Big Boys Are Not Bullish About Business

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In uncertain times, businesses are looking to remain competitive while seeking opportunities to acquire new ventures or make new business partners. By Ethan Quill

In an increasingly challenging global economy, business leaders are expressing collective concern about what the future will bring for their organisations.

There is a general lowering of business confidence, according to survey responses from 651 senior finance and corporate executives in 15 countries, representing large global companies with annual revenues of US$500 million or more. Conducted in November 2015 by American Express, the business leaders commented that while they were still positive about global growth, the level of optimism had declined — from 71% last year to 65% in 2016.

The American Express/CFO Research Global Business And Spending Monitor findings showed that the largest declines in confidence were evident among business leaders in China, Hong Kong and Singapore.

“Business leaders are citing possible changes to regulation and currency exchange rates as the most likely factors to slow their companies’ growth in 2016. While they are still planning to increase investment, the majority say they need to invest more just to remain competitive in 2016,” said Nigel Fox, Vice President and General Manager of Global Corporate Payments for Singapore, American Express.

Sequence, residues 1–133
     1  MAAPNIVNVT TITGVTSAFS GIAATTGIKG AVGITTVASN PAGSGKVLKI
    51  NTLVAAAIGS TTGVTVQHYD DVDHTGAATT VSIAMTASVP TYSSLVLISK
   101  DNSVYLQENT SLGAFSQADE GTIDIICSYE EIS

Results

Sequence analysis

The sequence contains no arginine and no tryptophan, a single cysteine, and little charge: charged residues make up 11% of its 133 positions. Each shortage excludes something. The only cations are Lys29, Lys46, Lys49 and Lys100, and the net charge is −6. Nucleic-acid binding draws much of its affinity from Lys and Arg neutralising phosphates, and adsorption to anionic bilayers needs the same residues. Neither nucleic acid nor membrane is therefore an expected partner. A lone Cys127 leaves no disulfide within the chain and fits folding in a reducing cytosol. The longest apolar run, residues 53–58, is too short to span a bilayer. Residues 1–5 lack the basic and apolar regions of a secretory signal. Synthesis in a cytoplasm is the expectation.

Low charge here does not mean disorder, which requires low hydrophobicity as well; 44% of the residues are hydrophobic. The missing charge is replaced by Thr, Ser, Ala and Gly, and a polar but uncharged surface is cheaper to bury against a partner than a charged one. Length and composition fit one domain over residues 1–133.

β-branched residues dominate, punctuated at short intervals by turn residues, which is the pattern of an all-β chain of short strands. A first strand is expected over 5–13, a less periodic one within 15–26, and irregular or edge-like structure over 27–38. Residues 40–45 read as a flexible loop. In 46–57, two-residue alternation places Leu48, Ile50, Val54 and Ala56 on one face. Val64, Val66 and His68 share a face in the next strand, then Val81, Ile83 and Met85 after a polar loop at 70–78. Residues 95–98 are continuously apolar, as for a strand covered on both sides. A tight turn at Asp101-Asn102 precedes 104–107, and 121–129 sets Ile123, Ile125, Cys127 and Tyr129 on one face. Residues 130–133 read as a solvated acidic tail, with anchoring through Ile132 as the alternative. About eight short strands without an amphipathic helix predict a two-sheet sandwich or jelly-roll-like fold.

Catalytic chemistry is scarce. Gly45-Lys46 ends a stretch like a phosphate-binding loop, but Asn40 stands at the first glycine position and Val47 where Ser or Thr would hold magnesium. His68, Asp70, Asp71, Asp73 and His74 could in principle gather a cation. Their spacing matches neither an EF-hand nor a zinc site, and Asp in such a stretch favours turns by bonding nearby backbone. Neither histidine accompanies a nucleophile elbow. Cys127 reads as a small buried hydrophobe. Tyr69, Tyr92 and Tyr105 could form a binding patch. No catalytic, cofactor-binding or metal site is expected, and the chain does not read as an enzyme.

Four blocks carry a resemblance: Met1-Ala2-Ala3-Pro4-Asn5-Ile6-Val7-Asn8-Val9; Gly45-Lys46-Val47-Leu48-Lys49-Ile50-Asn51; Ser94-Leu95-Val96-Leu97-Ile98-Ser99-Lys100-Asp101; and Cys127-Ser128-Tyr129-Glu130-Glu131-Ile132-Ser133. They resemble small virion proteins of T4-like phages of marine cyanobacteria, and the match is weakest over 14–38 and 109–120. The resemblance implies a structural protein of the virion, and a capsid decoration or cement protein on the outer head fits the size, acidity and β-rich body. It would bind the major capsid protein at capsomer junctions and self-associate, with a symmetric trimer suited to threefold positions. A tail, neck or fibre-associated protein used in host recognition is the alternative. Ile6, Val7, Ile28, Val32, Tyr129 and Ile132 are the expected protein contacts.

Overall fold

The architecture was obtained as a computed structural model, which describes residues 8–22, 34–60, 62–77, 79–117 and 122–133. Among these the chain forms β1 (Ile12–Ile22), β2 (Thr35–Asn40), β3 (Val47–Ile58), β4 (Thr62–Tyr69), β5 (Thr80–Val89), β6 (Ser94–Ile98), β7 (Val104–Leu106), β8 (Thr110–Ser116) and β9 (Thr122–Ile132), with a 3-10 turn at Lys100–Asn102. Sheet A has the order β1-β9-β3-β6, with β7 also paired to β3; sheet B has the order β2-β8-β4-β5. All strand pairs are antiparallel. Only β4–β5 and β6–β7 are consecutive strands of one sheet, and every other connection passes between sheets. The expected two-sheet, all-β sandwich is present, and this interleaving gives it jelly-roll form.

For some companies, this means the emphasis has shifted from new market strategies to shoring up their domestic businesses.

The top priorities of business leaders for 2016 are:

Spending more to remain competitive (75%);

Entering new markets (63%);

Making acquisitions and new partnerships (59%).

Despite this uncertain environment, 87% of Singapore business leaders still expect to increase their staff strength. But there will be adjustments made to their staffing strategy. Nearly 60% of those polled said they would use temporary or contract works, while around 40% would relocate overseas staff to domestic positions and rely on outsourcing.

While the leaders polled were less confident about the economic performance of their businesses, they recognise that without more investment, it would also be hard to stay competitive.

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